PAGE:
The Rheumatologist’s Role
In the most common scenario, a patient with scleritis presents to an ophthalmology clinic, not to the rheumatologist; patients with rheumatic disease usually already have their condition diagnosed, Dr. Akpek observed.
Another common scenario is a scleritis patient who presents to the ER and receives topical antibiotics, and they show up weeks later to see the ophthalmologist or rheumatologist in dire straits, Dr. Sheppard says.
Ophthalmologists usually are proactive about referring scleritis patients with no diagnosed systemic disease to rheumatologists for evaluation.
Rheumatologists will begin their examination of scleritis patients with a careful history and physical exam, with an emphasis on the musculoskeletal, dermatologic, cardiopulmonary, upper airway, neurologic and renal systems, Dr. Wise says.
Initial lab studies include complete blood count, serum chemistries, inflammatory markers, a chest X-ray and a battery of serologic tests for RA, lupus and related diseases.
“The serologic studies are often helpful if positive, even in patients without obvious clinical features of an underlying disease, [because] scleritis can be the initial manifestation of the condition,” Dr. Wise says.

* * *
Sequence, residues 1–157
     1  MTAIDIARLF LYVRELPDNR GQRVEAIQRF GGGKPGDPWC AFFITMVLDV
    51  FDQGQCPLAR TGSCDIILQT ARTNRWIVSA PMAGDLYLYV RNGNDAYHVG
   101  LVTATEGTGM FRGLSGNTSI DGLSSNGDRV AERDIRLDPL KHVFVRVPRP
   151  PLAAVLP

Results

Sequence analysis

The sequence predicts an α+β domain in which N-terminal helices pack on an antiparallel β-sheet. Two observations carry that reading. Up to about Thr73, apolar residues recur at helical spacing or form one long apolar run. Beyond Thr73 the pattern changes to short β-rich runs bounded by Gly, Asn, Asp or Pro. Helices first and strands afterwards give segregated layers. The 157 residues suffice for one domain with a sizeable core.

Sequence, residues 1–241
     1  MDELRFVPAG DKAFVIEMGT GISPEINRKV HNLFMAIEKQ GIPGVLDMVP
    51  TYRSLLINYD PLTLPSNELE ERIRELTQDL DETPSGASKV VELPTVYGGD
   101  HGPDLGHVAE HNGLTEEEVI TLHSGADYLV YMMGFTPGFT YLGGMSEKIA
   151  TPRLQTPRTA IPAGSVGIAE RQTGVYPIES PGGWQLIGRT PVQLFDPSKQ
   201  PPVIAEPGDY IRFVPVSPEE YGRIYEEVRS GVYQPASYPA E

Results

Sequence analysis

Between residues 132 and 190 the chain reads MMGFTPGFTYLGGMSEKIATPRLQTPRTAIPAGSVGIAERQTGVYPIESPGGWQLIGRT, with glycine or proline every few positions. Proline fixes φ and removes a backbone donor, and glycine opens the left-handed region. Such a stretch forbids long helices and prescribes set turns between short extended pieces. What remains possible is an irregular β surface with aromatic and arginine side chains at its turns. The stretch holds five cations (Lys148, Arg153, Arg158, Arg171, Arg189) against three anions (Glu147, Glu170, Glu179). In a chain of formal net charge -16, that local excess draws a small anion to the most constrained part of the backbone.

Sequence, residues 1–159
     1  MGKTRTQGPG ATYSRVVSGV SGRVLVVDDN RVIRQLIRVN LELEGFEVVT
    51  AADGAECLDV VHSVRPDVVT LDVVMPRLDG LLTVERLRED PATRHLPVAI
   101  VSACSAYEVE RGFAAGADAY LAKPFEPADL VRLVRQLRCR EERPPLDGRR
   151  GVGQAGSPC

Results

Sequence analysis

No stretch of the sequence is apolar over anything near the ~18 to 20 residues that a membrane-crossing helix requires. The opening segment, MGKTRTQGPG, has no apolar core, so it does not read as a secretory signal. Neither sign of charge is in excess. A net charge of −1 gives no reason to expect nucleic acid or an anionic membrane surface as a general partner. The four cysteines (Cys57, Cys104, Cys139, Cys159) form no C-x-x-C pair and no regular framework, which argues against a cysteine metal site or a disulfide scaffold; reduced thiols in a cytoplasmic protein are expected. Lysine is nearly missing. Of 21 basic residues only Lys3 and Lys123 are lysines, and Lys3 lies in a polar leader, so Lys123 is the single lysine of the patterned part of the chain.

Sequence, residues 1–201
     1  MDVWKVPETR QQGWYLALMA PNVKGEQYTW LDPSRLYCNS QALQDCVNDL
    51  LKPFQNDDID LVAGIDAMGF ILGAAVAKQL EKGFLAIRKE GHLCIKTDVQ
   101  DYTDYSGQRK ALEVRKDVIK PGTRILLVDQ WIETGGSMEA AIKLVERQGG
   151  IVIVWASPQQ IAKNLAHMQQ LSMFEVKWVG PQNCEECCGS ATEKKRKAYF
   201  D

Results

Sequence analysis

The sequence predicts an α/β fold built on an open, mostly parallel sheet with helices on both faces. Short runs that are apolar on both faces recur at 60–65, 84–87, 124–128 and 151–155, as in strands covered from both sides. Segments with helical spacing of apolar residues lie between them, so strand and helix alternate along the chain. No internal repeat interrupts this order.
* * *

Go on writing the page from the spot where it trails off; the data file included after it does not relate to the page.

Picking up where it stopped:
There is always a need for close collaboration between rheumatologists and ophthalmologists to manage the condition.
First, rheumatologists should keep a close eye on their patients’ eyes, Dr. Lacayo advised. “Scleral tissue should be mostly white in all healthy individuals. Any small amount of scleral injection or recurrent hyperemia should tip the rheumatologist toward stronger or longer treatments with the agents mentioned,” he says.
“In the case that a rheumatologist sees a patient with a red, painful eye, they should send the patient to an ophthalmologist for evaluation,” Dr. Akpek says.
Yet ophthalmologists must stay aware of the need for a referral as well. During therapy, ophthalmologists often consult rheumatologists if a patient’s response to systemic steroid therapy is incomplete or temporary, or if the patient cannot taper steroids without an exacerbation, Dr. Wise says.
“If a patient presents with scleritis associated with joint pain, rash or shortness of breath, fatigue or other systemic complaints, they should be referred to a rheumatologist for evaluation,” Dr. Rubenstein says.
Although there are no new scleritis-specific treatments on the horizon, adalimumab (Humira) is on the cusp of being approved for uveitis, Dr. Sheppard says. This is valuable to know because he finds that uveitis treatments are often effective for scleritis patients. “This condition always takes a back seat to uveitis, but a lot of companies are investigating uveitis to the potential benefit of our scleritis patients as well,” he says.
Vanessa Caceres is a medical writer in Bradenton, Fla.